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H&M Sustainability Report: 95% of Factories Revealed

H&M has published a supplier factory list alongside its 2012 sustainability report. The retailer says it is one of the first and largest fashion companies in the world to take this step.

The list of supplier factories covers about 95 percent of total production volume. H&M says the publication is a step towards a more transparent and ultimately more sustainable fashion industry – but one that required a great deal of preparatory work with suppliers.

According to the sustainability report, factories’ compliance with H&M’s code of conduct continued to improve last year, with sustainability performance scores increasing from 79.3 to 81.7 percent. In 2012, the retailer audited 485 potential new supplier factories and rejected a quarter of them.

Carbon and energy

Also last year, the company reduced CO2 emissions by five percent relative to sales, from 3.16 metric tons per SEK of sales (20.5 metric tons per dollar) in 2011 to 3 mt/SEK in 2012, through energy efficiency and offsetting. Since 2009, H&M has cut CO2 by 14 percent.

The chain has now committed to reduce absolute operational emissions by 2015, even though its store count is growing by 10 to 15 percent per year. Current operational emissions stand at 574,611 metric tons, with electricity accounting for the largest chunk of this at 50 percent.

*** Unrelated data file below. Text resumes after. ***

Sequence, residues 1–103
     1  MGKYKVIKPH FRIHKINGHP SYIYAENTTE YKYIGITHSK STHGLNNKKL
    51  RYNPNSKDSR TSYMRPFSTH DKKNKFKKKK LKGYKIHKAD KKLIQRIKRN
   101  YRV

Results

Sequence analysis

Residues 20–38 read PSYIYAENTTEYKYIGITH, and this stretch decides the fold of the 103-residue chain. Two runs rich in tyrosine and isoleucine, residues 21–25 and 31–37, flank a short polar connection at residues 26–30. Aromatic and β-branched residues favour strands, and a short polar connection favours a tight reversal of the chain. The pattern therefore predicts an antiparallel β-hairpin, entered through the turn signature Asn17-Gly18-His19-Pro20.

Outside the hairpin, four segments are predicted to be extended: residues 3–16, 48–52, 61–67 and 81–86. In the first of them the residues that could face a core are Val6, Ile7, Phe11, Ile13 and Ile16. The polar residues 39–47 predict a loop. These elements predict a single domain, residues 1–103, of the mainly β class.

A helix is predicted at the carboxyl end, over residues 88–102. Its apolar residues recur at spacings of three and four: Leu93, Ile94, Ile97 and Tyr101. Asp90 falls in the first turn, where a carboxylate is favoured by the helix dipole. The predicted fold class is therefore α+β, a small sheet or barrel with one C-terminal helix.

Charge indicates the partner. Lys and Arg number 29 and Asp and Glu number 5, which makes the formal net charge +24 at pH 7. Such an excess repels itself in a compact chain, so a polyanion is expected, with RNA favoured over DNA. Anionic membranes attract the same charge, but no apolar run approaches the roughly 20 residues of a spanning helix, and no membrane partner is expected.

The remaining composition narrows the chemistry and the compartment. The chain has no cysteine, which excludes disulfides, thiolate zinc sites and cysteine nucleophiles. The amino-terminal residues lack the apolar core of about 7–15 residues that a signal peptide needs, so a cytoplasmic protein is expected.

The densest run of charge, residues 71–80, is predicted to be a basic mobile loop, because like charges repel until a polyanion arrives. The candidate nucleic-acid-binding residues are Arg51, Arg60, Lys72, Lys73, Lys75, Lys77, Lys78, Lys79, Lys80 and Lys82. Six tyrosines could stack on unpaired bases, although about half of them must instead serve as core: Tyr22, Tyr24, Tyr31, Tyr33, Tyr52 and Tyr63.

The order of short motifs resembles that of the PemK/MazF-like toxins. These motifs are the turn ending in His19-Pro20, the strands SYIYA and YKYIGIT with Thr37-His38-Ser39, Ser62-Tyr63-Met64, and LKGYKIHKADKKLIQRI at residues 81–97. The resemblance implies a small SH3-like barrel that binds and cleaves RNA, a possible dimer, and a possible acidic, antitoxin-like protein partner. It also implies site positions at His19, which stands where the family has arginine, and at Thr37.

The company says it wants to achieve this aim without offsetting. Efficiency is therefore a key focus. H&M reduced electricity use in its stores by 15 percent per square meter from 2007 to 2012 – up from an 11 percent reduction from 2007 to 2011. The company says it is on track to achieve its goal of a 20 percent reduction by 2020. But the report did not say how much electricity H&M uses per square meter.

On an absolute basis, scopes 1 and 2 energy consumption increased from 3.3 million GJ in 2011 to 3.4 million in 2012.

H&M is working to install energy monitoring devices in all stores this year. It is also helping business partners set up supplier energy efficiency programs (SEEP), which in some cases connect supplier factories to energy service companies to identify potential efficiency gains. By the end of 2012, 44 factories had completed a SEEP and another 110 were undergoing planning or implementation. Based on this, H&M has developed data baselines and says it will evaluate the factories’ performance against these through 2013.

The company says its goal of sourcing 100 percent of electricity from renewable sources is a key aim, although it hasn’t specified a target date. In 2012, H&M’s photovoltaic panels generated about 784,200 kWh of electricity. Beyond this, the report doesn’t supply information on how much renewable electricity the company used, or what proportion of electricity came from renewables.

H&M says monitoring progress towards the renewables goal has been difficult because the firm lacked a robust framework for defining renewables and for tracking associated CO2 reductions. But it says forthcoming guidelines from the World Resources Institute and the Carbon Disclosure Project will aid this process.

The company says its biggest climate impacts take place outside of its direct operations, with Scope 1 accounting for only 3 percent of emissions, and Scope 2 accounting for 59 percent. It estimates that 39 percent of emissions come from fabric processing, 36 percent from product use, 15 percent from raw materials, 4 percent from production, 3 percent from transport and 3 percent from sales.